Arrest and Criminal Records
Courts have held that barring job applicants because of an arrest and/or criminal conviction record may have a statistically significant, adverse impact on members of racial or ethnic minority groups. An employer's hiring policy regarding criminal convictions may be held to be discriminatory when, absent a bona fide occupational qualification, a minority-group member's criminal conviction record is an absolute bar to employment, provided that a statistically significant adverse impact is shown within the protected class.
Within this context, how recent and the job-relatedness of any conviction must be considered by the employer before making an adverse hiring decision relating to criminal record. It is generally advisable that employers inform job applicants at the time of application that these mitigating factors will be considered; an employer's failure to do so may have a chilling effect on job applicants pursuing a job with that employer, which may prove to be discriminatory.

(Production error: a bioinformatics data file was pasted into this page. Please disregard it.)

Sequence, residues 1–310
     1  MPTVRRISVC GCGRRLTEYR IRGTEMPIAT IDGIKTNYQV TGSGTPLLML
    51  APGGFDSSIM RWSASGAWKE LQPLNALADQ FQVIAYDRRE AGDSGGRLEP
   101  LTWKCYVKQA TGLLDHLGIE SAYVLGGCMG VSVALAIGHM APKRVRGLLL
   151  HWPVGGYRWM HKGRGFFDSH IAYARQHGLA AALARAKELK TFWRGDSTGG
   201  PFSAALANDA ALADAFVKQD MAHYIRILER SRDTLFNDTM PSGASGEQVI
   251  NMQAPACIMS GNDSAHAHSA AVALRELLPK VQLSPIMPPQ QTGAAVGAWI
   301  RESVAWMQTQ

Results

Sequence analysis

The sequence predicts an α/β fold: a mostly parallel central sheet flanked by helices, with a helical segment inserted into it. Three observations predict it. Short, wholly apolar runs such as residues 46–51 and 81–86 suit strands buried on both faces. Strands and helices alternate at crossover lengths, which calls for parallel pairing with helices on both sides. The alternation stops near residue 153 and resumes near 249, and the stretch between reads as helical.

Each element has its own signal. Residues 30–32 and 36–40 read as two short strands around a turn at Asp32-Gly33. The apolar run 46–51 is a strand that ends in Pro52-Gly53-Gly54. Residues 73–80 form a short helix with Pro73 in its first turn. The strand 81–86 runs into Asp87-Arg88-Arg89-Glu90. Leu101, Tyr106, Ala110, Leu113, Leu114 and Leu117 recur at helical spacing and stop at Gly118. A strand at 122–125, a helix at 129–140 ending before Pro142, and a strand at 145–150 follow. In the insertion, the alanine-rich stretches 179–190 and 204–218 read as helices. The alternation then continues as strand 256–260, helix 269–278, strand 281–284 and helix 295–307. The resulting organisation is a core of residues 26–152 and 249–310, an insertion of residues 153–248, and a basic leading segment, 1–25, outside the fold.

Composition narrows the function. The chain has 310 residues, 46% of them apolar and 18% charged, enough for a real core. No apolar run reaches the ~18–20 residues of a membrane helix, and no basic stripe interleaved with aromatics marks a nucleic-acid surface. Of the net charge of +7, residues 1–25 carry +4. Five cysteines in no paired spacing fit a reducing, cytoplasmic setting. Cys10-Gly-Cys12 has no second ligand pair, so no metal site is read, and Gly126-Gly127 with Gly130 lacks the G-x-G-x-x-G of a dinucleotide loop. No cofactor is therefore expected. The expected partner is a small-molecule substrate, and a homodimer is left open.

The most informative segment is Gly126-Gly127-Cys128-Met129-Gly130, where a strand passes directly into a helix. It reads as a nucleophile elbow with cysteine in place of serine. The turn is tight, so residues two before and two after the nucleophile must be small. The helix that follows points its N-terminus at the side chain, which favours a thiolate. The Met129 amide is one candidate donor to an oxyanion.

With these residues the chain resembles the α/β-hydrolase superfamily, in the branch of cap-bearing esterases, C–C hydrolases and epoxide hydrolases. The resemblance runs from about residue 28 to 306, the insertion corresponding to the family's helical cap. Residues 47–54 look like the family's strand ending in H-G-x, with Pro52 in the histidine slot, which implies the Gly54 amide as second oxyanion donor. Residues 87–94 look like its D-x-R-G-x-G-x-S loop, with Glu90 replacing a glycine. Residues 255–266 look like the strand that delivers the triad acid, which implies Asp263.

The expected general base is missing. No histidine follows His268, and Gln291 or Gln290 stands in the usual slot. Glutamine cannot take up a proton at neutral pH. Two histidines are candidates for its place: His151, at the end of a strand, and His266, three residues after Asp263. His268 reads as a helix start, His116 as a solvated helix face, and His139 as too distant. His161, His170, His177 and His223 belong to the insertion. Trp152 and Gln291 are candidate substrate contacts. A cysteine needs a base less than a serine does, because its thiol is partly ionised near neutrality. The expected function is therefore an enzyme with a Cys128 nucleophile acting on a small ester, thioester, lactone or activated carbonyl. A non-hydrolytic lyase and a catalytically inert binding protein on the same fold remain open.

"Ban the Box"
In 2013, Governor Mark Dayton signed a bill expanding the "Ban the Box" law to private employers, which went into effect Jan. 1, 2014. "Ban the Box" has applied to public employers in Minnesota since 2009. (Minn. Statutes 364.021.)
The law requires public, and private, employers to wait until a job applicant has been selected for an interview or conditional offer of employment has been extended before asking a job applicant about criminal records or conducting a criminal record check. This law offers the vast majority of individuals with a non-violent criminal record a second chance at an opportunity for employment to better their lives.
Existing laws continue to protect vulnerable adults and children from people with violent or sexual criminal histories. Additionally, employers may exclude applicants if a crime is relevant to the position's job duties.
More on Criminal Background Checks here.